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Author Notes:

Corresponding author: J. David Lambeth. E-mail: noxdoc@mac.com. Phone: (404) 727-5875.

We thank Dr. Hisamitsu Ogawa (Department of Biology, Fujita Health University School of Medicine, Toyoake, Aichi, Japan) for the gift of wild-type and mutant His6-tagged Nox4 cDNA and Dr. Ralf Brandes (Center of Physiology, Goethe-University, Frankfurt, Germany) for providing the Nox4 stably expressing HEK293 cell line. We also thank Dr. Yerun Zhu and McCoy James (Department of Pathology and Experimental Medicine, Emory University Medical School) for technical assistance.

The authors declare no competing financial interest.

Subjects:

Research Funding:

Funded by National Institutes of Health Grant CA105116 and CNPq-Brazil (to D.C.-G.).

Keywords:

  • Science & Technology
  • Life Sciences & Biomedicine
  • Biochemistry & Molecular Biology
  • SMOOTH-MUSCLE-CELLS
  • NADPH OXIDASE ACTIVITY
  • NF-KAPPA-B
  • REACTIVE OXYGEN
  • NAD(P)H OXIDASE
  • ENDOTHELIAL-CELLS
  • TISSUE EXPRESSION
  • HUMAN NEUTROPHILS
  • NITRIC-OXIDE
  • SUPEROXIDE

Nox4: A Hydrogen Peroxide-Generating Oxygen Sensor

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Journal Title:

Biochemistry

Volume:

Volume 53, Number 31

Publisher:

, Pages 5111-5120

Type of Work:

Article | Final Publisher PDF

Abstract:

Nox4 is an oddity among members of the Nox family of NADPH oxidases [seven isoenzymes that generate reactive oxygen species (ROS) from molecular oxygen] in that it is constitutively active. All other Nox enzymes except for Nox4 require upstream activators, either calcium or organizer/activator subunits (p47 phox, NOXO1/p67phox, and NOXA1). Nox4 may also be unusual as it reportedly releases hydrogen peroxide (H2O2) in contrast to Nox1-Nox3 and Nox5, which release superoxide, although this result is controversial in part because of possible membrane compartmentalization of superoxide, which may prevent detection. Our studies were undertaken (1) to identify the Nox4 ROS product using a membrane-free, partially purified preparation of Nox4 and (2) to test the hypothesis that Nox4 activity is acutely regulated not by activator proteins or calcium, but by cellular pO2, allowing it to function as an O2 sensor, the output of which is signaling H2O2. We find that approximately 90% of the electron flux through isolated Nox4 produces H2O2 and 10% forms superoxide. The kinetic mechanism of H2O2 formation is consistent with a mechanism involving binding of one oxygen molecule, which is then sequentially reduced by the heme in two one-electron reduction steps first to form a bound superoxide intermediate and then H2O 2; kinetics are not consistent with a previously proposed internal superoxide dismutation mechanism involving two oxygen binding/reduction steps for each H2O2 formed. Critically, Nox4 has an unusually high Km for oxygen (∼18%), similar to the values of known oxygen-sensing enzymes, compared with a Km of 2-3% for Nox2, the phagocyte NADPH oxidase. This allows Nox4 to generate H2O2 as a function of oxygen concentration throughout a physiological range of pO2 values and to respond rapidly to changes in pO2.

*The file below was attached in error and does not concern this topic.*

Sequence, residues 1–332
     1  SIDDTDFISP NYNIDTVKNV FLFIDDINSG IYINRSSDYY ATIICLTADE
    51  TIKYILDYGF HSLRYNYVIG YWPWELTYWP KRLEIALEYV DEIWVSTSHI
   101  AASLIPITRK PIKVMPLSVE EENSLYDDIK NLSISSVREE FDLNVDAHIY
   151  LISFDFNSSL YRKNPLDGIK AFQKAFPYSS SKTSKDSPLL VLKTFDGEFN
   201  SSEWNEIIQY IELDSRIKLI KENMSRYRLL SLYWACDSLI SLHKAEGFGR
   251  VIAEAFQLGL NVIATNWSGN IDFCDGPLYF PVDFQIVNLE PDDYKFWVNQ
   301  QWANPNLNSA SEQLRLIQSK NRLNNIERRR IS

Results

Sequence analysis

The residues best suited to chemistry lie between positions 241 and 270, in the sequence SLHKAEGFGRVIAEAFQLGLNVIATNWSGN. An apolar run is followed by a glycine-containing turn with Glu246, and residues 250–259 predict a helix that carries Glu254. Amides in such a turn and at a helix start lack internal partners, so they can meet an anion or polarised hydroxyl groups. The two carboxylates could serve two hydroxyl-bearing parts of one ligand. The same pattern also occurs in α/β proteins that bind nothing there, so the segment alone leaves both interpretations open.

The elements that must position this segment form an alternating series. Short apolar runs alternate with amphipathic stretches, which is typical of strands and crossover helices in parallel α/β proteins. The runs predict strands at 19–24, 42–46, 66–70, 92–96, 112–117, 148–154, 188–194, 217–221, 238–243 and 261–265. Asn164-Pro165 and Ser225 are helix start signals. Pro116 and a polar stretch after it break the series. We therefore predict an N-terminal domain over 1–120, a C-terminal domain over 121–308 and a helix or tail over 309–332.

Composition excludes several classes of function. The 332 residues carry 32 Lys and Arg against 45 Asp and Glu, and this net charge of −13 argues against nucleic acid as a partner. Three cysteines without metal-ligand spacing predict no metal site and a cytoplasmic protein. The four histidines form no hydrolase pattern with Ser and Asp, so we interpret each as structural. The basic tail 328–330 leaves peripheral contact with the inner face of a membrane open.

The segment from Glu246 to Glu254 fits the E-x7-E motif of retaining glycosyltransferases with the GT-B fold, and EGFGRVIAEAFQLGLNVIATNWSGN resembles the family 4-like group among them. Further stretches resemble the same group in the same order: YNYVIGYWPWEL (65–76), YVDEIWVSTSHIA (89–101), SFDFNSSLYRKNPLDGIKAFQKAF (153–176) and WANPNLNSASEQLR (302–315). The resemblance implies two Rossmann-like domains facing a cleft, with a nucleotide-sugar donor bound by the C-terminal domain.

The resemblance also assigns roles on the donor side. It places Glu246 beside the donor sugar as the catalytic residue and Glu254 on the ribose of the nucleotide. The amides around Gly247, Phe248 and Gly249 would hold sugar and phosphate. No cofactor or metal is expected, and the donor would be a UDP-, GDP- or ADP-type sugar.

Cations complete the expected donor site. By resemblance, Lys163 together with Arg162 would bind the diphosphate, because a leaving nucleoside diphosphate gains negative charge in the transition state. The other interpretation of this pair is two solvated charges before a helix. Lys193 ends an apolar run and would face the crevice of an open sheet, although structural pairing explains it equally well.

Copyright information:

© 2014 American Chemical Society. This is an open access article published under an ACS AuthorChoice License, which permits copying and redistribution of the article or any adaptations for non-commercial purposes.

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